Sunday, May 2, 2010

Tokina AF 100mm f/2.8 AT-X Pro Macro 1:1

October 2010

I have since acquired the Tokina 90mm f/2.5 AT-X "Bokina". The Tokina 90 has been my go-to lens ever since my first day of owning it. Granted it does not get down to 1:1 without the inconvenient addition of it's paired macro extender, but the sharpness I can achieve wide open is excellent. Not to mention it produces wonderfully sharp, contrasty images at every other aperture as well. I also don't see as much CA under the same shooting conditions as I do with the Tokina 100mm (This is a very minimal amount in either case, however.). In relation to the Vivitar S1 90mm, I find I just prefer the results of the Tokina 90mm.

Although my favorite macro lens that I have ever used is the sharp, robust Vivitar Series 1 90mm f/2.5, this is not the lens I use daily, or even to photograph everything on this site (it is what I used to make the images of the Tokina though!). Instead, I always grab my autofocusing Tokina 100mm f/2.8 AT-X Pro. Funny, I just about never use it in AF mode.


Focal length: 100mm
Max. aperture: f/2.8
Min. aperture: f/32
Elements/Groups: 9/8
Minimum focusing distance: 11.8 in. (30 cm)
Macro ratio: 1:1
Focus limiter: 1.28 to ∞
Number of aperture blades: 9
Filter size: 55mm
Dimensions: 2.9 in. x 3.74 in. (73mm x 95.1 mm)
Weight: 19.0 oz. (540 g)
Hood: Dedicated, BH-551
Mount availability: Canon and Nikon

Optical Diagram

Specs as provided by:


The Tokina 100mm AT-X Pro appears to have had a predecessor but only in that the other lens shared the focal length. I believe the Pro version is a new optical formula. The previous Tokina AF 100mm f/2.8 AT-X only when to 1:2 reproduction ratio whereas the newer Pro goes all the way to 1:1. I have not used the older version nor can I find very much info on it since every search attempt is dominated by results from the similarly named, newer Pro model. The 1:2 version looked like this (image from

My guess would be that this older version bears the same build characteristics of the early Tokina AF 17mm AT-X. Because of the different optical formula and newer coatings, I surmise the 100mm AT-X Pro is a completely different animal. Consequently would not think my observations of the Pro applicable to the former.

The exterior of the Tokina 100mm f/2.8 AT-X Pro possesses the signature "Armalite" coating as well as the gold band denoting Tokina's professional grade build. It features two rubber grip rings, the larger being the focus ring and the smaller most likely a grip for mounting and unmounting the lens. The front element sits well recessed within the housing of the lens. Combined with the copious OEM hood, the Tokina 100mm is well protected from stray light and flare. Even when the lens is extended to 1:1 reproduction, the front element remains proportionally the same distance from the lip of the lens.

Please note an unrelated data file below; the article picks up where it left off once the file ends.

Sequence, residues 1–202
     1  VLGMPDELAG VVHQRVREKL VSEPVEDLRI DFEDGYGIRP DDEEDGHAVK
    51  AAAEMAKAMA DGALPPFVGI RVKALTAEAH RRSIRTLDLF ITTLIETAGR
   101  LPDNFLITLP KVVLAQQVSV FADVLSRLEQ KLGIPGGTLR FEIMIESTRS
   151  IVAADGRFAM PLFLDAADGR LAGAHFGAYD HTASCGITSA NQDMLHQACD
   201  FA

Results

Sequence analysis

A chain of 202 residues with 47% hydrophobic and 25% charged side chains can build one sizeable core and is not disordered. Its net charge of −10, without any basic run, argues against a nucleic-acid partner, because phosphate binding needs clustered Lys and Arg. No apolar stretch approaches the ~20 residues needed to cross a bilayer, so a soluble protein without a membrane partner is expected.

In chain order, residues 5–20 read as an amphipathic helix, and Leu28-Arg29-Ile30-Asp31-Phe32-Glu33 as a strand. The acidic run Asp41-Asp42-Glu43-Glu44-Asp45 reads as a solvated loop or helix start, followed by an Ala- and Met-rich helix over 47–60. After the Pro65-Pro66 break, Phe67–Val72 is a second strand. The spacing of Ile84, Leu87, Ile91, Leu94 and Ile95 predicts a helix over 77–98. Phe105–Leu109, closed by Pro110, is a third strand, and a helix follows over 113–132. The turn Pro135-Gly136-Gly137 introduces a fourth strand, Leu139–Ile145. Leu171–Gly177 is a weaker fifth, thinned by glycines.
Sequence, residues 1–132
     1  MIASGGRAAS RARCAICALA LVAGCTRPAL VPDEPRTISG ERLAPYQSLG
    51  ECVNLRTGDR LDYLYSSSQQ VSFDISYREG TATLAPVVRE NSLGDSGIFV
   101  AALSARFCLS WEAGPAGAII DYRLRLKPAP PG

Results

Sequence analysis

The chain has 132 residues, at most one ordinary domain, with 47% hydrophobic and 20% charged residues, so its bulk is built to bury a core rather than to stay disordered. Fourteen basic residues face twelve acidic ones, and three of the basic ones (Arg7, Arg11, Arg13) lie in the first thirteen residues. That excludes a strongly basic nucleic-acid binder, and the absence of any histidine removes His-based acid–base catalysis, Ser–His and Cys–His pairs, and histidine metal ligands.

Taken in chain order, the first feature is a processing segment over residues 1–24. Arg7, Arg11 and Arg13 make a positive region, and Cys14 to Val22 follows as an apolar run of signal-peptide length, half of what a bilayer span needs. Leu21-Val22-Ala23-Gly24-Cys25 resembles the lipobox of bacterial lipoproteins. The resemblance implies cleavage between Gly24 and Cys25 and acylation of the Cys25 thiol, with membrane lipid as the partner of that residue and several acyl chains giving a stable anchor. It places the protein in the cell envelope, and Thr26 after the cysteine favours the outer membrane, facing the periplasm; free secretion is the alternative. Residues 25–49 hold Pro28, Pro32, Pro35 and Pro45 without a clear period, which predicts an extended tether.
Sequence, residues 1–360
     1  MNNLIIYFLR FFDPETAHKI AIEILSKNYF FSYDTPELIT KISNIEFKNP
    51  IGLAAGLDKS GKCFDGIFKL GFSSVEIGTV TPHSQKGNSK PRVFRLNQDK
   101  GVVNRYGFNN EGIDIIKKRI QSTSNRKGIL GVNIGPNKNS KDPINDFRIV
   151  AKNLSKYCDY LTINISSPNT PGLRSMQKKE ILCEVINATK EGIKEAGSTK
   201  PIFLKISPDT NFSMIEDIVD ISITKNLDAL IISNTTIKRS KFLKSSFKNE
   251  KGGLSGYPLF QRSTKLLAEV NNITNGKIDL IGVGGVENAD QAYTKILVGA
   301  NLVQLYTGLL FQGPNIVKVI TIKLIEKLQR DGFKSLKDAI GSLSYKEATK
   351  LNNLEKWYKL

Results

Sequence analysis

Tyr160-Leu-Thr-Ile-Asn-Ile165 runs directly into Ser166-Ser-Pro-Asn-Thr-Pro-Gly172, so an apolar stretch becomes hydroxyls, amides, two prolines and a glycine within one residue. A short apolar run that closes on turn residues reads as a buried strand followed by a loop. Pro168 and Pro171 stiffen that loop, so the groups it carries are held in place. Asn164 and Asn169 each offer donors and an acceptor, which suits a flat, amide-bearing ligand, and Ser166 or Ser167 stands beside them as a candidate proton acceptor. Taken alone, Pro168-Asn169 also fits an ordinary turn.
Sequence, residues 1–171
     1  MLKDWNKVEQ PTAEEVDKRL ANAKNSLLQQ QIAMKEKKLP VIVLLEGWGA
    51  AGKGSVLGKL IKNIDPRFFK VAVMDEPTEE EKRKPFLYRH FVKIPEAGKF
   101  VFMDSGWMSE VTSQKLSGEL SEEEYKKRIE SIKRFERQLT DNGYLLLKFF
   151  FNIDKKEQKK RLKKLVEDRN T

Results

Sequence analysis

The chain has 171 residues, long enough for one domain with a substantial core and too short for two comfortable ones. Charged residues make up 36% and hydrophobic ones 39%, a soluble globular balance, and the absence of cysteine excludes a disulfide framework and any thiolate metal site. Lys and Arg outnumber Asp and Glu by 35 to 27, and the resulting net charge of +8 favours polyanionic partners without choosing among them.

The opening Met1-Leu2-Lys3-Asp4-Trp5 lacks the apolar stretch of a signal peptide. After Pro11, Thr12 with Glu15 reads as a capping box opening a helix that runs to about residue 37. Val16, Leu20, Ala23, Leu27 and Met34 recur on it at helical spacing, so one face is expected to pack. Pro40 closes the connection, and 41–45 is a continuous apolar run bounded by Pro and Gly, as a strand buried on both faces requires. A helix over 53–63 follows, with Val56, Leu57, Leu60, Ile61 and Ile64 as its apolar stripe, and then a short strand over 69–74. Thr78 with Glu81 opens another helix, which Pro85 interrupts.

The 100mm f/2.8 AT-X Pro features Tokina's AF/MF clutch mechanism at its best! Unlike the 28-70mm f/2.8 AT-X Pro where you must engage the MF by pulling the focusing ring back toward the camera, which you can only do at a specific point in the rotation of this ring, and then still be sure to switch the camera to MF as well, Tokina's new mechanism is streamlined and effective. With the 100mm, you can pull the ring back at any point in its rotation and you do not need to switch the camera to MF. It is as easy as engaging the clutch!

The 100mm AT-X Pro has a focus limiter switch near the base. When you are focusing right up near 1:1 and are utilizing AF you can turn the switch to "limit". Rather than the AF hunting all the way from minimum focusing distance to infinity, it will instead focus from 1:1 to a nearer pre-set (non-adjustable) point midway along the helicoid. This can save vital time, especially when photographing small moving subjects.